When it comes to settlement, sorry seems to be the hardest word

Article 22 February 2022 Experience: Media and reputation

When it comes to settlement of a legal complaint, it may not be the dollars that are the sticking point, but the words of regret needed to seal the deal.

In litigation, two parties’ positions are often diametrically opposed, with one party in the red corner, the other party in the blue corner battling it out. When they come out fighting their positions can become even more entrenched, but if settlement is to be achieved, it will require a skillful trainer to find some middle ground in the center of the ring, enabling the parties to avoid trial and settle their differences – at least ostensibly amicably – out of court.

When one party has agreed to put their hands into their pocket and pay up, the precise number on the bottom line may not be too difficult to agree. The sums changing hands in the Prince Andrew and Virginia Giuffre case may be undisclosed, but are likely to be significant.

But equally significant to the “receiving” party, are the words which accompany the settlement sums – the extent of an apologia, the tone of the regret, and the method of communication may all prove stumbling blocks on the road to settlement.

Prince Andrew paid for his relationship with Epstein with his reputation; he has paid for settling the litigation with cold, hard cash. The financial award aside, the reward for Ms. Giuffre has likely been the extraction of words of regret from Prince Andrew. Given he has throughout unequivocally denied any liability, consistent with that position the settlement statement could offer no actual, apology. But while “apology” denotes personal guilt or liability, its close relative “regret” seems to express a view as if from a bystander – while I don’t accept any liability, I am sorry that this happened to you.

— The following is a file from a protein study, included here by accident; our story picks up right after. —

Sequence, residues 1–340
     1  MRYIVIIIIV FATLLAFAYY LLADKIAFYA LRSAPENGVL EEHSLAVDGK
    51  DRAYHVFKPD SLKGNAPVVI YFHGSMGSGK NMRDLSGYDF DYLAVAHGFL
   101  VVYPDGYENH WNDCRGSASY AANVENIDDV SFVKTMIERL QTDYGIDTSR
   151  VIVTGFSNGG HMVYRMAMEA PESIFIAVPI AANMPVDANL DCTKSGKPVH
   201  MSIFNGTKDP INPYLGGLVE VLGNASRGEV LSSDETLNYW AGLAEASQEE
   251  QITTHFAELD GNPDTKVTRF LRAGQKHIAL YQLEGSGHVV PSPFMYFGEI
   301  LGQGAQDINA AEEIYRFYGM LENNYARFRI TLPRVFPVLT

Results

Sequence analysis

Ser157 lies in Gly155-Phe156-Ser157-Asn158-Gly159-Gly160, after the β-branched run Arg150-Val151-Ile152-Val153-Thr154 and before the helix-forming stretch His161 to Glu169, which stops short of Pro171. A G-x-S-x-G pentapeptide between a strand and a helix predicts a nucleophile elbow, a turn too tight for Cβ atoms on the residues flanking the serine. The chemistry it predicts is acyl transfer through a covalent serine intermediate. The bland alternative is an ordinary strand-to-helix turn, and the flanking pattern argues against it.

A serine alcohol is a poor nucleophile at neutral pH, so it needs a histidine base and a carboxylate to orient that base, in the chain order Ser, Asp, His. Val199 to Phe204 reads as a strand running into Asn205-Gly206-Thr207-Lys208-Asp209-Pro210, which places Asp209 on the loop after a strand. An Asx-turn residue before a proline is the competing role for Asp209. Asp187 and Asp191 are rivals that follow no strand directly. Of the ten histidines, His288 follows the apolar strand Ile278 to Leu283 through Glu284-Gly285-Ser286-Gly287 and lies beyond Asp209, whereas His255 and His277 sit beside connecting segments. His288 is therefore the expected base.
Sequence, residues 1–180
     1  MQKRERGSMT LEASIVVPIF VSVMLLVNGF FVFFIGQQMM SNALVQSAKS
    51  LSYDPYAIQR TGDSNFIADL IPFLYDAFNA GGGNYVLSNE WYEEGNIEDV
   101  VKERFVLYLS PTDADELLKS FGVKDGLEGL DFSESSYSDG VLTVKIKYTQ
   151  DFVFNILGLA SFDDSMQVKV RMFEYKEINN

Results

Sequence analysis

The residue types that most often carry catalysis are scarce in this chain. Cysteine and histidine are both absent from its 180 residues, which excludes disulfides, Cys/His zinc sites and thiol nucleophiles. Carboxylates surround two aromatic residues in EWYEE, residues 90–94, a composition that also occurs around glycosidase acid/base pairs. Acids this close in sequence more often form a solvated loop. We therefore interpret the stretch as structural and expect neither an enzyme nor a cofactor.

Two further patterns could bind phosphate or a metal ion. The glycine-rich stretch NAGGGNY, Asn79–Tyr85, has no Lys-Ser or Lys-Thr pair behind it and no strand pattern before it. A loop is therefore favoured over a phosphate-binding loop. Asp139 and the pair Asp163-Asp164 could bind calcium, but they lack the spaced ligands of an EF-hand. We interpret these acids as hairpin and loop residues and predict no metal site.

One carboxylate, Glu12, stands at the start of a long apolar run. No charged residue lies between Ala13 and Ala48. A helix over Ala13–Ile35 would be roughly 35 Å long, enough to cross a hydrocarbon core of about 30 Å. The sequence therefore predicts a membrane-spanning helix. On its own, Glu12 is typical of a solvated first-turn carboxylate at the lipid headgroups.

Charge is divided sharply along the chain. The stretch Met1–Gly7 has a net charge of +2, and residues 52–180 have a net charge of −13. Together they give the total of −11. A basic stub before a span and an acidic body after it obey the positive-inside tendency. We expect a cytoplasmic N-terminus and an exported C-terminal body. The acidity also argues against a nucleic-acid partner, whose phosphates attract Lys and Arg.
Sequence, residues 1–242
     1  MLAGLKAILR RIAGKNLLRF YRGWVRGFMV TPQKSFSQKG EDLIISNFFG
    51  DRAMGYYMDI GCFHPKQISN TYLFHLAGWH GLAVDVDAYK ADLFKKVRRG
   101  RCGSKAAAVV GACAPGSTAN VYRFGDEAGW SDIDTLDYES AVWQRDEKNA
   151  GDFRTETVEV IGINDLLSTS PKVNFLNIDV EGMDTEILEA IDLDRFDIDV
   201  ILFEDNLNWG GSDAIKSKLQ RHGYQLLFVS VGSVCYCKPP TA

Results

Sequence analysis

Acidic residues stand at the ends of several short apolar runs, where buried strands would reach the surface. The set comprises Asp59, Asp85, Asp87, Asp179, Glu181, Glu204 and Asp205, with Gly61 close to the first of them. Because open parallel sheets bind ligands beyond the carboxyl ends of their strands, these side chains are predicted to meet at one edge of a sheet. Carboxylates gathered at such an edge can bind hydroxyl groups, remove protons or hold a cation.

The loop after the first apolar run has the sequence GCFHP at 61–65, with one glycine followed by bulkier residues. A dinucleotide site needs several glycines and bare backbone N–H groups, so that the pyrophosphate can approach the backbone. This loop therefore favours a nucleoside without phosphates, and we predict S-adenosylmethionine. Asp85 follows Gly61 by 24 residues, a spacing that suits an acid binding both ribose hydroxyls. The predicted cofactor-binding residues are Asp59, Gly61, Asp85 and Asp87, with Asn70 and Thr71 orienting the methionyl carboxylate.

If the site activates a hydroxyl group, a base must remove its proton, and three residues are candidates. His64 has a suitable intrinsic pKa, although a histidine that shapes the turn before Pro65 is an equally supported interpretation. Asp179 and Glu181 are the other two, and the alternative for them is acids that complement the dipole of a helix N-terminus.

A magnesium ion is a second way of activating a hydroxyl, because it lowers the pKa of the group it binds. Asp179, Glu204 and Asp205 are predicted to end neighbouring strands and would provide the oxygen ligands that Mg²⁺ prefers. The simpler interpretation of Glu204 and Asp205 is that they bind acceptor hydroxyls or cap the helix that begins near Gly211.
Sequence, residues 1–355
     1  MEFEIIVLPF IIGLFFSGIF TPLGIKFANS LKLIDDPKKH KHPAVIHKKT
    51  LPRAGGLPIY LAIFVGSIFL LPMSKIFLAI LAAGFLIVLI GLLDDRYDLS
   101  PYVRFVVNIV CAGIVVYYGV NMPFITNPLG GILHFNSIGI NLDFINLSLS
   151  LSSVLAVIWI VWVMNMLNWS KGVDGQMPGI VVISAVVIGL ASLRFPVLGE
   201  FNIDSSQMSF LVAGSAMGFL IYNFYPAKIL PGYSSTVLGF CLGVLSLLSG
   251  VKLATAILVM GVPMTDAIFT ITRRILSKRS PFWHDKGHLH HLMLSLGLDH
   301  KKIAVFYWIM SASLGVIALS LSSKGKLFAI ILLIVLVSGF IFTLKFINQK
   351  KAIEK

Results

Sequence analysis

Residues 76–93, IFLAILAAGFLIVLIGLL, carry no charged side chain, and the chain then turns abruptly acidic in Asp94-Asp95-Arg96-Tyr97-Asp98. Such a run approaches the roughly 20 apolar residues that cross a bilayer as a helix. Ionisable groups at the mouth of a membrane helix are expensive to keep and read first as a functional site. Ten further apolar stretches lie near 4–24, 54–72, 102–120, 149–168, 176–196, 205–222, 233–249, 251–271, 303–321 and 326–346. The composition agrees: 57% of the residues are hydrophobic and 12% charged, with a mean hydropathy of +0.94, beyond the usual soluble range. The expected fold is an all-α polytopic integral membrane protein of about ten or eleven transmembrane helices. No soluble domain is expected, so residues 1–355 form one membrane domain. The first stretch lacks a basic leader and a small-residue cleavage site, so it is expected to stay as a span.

The relatively short “no sorry sorry” statement from Prince Andrew offers an expression of regret for his former association with Epstein, an acknowledgement of Ms Giuffre’s suffering, a commendation of her bravery as a victim of assault in standing up for herself and others, and an assertion that he never intended to malign her character. It is likely as valuable to her as however many zeros will be paid to her, and to her charity.

To achieve a mutually acceptable settlement, legal advisers need to be able skillfully to walk their clients from their respective, rooted positions to a territory that doesn’t really exist, a world between their two worlds where both can feel that they are, and appear to be the victor. In this case, the parties have landed on the shores of a territory acceptable to them both, not named “apology”, but “regret”.

In related news…

Amber Melville-Brown is frequently sought out to comment on The Royals and was widely quoted on Prince Andrew’s settlement of a sexual abuse case with Virginia Giuffre.